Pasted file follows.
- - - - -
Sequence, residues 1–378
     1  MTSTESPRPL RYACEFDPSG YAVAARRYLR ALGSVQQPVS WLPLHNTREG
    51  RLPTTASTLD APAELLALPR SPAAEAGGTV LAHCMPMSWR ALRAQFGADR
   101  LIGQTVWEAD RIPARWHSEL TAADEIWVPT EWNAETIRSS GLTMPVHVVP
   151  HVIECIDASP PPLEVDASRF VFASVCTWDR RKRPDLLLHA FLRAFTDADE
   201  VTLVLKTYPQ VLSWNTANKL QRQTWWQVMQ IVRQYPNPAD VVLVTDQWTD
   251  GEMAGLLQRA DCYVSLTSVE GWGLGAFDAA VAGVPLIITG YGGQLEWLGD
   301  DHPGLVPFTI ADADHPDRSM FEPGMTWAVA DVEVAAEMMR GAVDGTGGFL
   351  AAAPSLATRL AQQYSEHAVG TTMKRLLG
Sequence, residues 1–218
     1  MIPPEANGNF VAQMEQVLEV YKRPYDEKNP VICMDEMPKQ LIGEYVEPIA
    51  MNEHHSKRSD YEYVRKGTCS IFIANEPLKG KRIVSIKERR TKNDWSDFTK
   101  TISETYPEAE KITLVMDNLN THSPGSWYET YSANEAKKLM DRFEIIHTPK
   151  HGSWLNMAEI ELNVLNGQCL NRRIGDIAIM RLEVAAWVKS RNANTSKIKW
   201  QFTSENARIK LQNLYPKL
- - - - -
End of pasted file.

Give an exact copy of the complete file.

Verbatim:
Sequence, residues 1–378
     1  MTSTESPRPL RYACEFDPSG YAVAARRYLR ALGSVQQPVS WLPLHNTREG
    51  RLPTTASTLD APAELLALPR SPAAEAGGTV LAHCMPMSWR ALRAQFGADR
   101  LIGQTVWEAD RIPARWHSEL TAADEIWVPT EWNAETIRSS GLTMPVHVVP
   151  HVIECIDASP PPLEVDASRF VFASVCTWDR RKRPDLLLHA FLRAFTDADE
   201  VTLVLKTYPQ VLSWNTANKL QRQTWWQVMQ IVRQYPNPAD VVLVTDQWTD
   251  GEMAGLLQRA DCYVSLTSVE GWGLGAFDAA VAGVPLIITG YGGQLEWLGD
   301  DHPGLVPFTI ADADHPDRSM FEPGMTWAVA DVEVAAEMMR GAVDGTGGFL
   351  AAAPSLATRL AQQYSEHAVG TTMKRLLG
Sequence, residues 1–218
     1  MIPPEANGNF VAQMEQVLEV YKRPYDEKNP VICMDEMPKQ LIGEYVEPIA
    51  MNEHHSKRSD YEYVRKGTCS IFIANEPLKG KRIVSIKERR TKNDWSDFTK
   101  TISETYPEAE KITLVMDNLN THSPGSWYET YSANEAKKLM DRFEIIHTPK
   151  HGSWLNMAEI ELNVLNGQCL NRRIGDIAIM RLEVAAWVKS RNANTSKIKW
   201  QFTSENARIK LQNLYPKL